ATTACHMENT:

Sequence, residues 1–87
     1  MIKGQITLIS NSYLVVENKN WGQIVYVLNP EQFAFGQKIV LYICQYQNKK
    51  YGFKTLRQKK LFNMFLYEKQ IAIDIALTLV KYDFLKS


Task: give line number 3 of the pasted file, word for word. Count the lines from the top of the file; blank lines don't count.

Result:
    51  YGFKTLRQKK LFNMFLYEKQ IAIDIALTLV KYDFLKS